Are You A Fan Of Leicester’s Brutalist Architecture? Here Are Five Examples To Help You Decide.

Stirling’s Engineering Building. The University of Leicester.

I personally love the look of this building. In its own right, it’s visually pleasing and as an engineering building, it is highly practicable.

The two large glass roofs that represent “rippling waves”, angled at 45 degrees North, are to allow more than enough natural illumination without direct sunlight, which could affect delicate instruments.

On top of the large tower is a water tank to provide hydraulic pressure.

The inside of the building is designed to represent the superstructure of an aircraft carrier. Whilst the concrete floor of the workshops can be moved for various machinery to be used and testing.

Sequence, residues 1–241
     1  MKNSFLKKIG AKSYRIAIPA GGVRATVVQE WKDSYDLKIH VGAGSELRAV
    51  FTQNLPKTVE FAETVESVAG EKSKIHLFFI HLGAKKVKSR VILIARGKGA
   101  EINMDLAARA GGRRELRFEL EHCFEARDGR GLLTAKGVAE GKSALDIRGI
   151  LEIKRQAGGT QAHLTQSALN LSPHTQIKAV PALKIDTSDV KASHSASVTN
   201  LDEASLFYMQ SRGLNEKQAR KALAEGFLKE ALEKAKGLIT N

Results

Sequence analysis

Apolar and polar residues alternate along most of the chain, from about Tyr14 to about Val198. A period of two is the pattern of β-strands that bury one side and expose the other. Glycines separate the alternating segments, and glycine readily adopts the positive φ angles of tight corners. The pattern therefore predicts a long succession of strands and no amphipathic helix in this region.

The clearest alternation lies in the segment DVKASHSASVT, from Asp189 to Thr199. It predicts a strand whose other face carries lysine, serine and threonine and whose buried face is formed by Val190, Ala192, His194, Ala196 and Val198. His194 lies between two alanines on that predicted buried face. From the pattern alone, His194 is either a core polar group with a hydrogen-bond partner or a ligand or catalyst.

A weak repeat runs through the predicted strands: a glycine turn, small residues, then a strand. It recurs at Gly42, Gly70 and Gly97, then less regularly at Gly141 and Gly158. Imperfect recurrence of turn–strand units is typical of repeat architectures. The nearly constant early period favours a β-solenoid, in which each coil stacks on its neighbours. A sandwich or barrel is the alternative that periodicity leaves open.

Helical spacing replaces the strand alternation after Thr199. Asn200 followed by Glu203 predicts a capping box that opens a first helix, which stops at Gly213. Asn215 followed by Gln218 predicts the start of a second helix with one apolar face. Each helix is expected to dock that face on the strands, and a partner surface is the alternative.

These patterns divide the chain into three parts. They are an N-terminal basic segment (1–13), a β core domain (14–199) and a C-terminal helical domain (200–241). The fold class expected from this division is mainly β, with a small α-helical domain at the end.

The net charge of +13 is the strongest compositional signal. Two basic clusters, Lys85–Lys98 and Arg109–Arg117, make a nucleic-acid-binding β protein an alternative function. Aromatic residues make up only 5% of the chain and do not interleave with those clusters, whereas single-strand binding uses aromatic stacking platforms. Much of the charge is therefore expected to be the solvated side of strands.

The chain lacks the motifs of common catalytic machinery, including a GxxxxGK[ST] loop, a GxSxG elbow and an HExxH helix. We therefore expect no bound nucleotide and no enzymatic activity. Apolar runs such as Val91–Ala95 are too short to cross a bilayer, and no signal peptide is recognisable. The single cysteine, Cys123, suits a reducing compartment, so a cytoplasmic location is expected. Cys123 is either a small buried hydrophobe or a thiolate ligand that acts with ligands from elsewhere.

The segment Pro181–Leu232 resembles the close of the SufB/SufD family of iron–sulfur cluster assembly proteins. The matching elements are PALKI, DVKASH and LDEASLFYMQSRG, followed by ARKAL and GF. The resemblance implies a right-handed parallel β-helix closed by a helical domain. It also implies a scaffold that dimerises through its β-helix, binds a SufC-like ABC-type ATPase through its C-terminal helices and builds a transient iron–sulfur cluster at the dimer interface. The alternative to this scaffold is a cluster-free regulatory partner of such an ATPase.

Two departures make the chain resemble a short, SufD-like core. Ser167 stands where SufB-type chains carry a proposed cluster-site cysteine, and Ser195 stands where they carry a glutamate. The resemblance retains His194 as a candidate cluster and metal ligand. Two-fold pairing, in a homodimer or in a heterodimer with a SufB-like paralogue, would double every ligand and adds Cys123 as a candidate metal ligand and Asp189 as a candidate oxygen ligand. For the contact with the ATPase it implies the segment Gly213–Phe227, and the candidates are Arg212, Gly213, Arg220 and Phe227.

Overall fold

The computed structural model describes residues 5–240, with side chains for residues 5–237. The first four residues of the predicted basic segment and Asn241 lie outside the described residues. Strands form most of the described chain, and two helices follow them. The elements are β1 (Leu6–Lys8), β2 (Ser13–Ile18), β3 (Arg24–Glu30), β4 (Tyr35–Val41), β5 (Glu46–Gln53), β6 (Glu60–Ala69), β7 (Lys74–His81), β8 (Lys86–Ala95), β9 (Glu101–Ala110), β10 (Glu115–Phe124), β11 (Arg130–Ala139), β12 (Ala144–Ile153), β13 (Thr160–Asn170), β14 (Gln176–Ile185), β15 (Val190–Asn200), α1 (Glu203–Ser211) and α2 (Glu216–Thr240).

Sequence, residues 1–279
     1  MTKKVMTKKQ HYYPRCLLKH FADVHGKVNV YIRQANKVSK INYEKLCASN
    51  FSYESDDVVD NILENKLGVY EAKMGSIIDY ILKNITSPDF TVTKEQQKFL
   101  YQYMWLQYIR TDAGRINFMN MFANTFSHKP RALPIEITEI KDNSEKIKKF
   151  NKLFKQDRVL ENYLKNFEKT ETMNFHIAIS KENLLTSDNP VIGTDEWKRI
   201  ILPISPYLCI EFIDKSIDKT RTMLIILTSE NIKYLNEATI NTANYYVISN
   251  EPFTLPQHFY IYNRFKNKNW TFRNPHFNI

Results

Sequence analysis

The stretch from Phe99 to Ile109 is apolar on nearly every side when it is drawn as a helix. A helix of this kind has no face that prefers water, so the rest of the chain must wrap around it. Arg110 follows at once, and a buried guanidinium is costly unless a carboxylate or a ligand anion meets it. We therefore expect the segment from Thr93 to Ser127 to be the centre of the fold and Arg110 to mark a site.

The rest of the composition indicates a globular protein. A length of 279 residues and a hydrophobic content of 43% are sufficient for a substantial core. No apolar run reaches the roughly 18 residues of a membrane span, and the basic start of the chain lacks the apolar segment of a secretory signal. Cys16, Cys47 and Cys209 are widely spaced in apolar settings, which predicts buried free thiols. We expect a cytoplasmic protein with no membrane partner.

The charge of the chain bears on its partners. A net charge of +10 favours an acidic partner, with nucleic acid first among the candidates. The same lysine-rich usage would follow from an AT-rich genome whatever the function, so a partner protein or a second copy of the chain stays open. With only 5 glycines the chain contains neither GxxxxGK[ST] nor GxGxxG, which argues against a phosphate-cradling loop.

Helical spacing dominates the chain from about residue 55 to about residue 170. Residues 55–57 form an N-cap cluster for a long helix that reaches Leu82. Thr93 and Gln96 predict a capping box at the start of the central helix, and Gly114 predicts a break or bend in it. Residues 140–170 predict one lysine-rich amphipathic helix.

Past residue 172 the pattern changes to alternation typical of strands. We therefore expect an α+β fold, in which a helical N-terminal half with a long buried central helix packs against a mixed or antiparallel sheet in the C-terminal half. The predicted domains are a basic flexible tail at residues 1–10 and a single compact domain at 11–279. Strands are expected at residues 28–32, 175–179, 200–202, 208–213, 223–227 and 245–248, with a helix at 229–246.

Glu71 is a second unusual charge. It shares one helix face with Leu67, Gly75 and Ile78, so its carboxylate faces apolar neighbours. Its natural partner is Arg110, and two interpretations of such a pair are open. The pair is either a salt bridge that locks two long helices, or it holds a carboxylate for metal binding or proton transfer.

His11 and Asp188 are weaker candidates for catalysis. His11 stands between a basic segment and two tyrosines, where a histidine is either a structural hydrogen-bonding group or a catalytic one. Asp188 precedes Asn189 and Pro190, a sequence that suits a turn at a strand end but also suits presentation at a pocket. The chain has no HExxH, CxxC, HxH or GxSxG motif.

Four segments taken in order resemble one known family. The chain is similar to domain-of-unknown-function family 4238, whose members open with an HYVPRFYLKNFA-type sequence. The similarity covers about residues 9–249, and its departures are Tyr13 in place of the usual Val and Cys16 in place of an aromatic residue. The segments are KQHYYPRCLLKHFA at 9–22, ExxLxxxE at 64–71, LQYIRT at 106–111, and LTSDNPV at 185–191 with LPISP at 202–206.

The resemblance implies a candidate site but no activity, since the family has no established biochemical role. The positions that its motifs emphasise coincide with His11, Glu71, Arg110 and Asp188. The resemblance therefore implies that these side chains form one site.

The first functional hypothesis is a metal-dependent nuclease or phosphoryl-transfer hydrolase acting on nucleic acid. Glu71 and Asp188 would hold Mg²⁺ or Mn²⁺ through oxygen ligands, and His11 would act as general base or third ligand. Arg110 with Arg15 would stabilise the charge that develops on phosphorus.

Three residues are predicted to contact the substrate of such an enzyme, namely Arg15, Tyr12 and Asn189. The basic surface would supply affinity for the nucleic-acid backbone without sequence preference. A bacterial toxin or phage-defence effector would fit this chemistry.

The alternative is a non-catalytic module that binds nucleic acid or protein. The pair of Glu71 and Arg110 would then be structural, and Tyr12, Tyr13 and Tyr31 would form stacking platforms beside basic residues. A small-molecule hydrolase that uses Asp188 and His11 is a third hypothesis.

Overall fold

The complexity of its design makes the Engineering Building very difficult (and hence expensive) to keep in good repair, a situation exacerbated by the restrictions of its Grade II* listing.

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Categorised as Buildings

By Isaac Hartshorn

Isaac Hartshorn is fascinated by the city's long and varied history. He also hates to discuss himself in the third person but can be persuaded to do so from time to time.

2 comments

  1. We are John Middleton’s sons. I think our dad was particularly interested in providing social housing which is why he mainly worked with housing associations, in particular de Montfort, although he did use the proceeds from Elizabeth House to build a swimming pool in the back garden. There are a few of his other housing schemes around Leicestershire, e.g. Bennion Rd, Anstey, Enderby. We have the original plan in one of our crumbling sheds.

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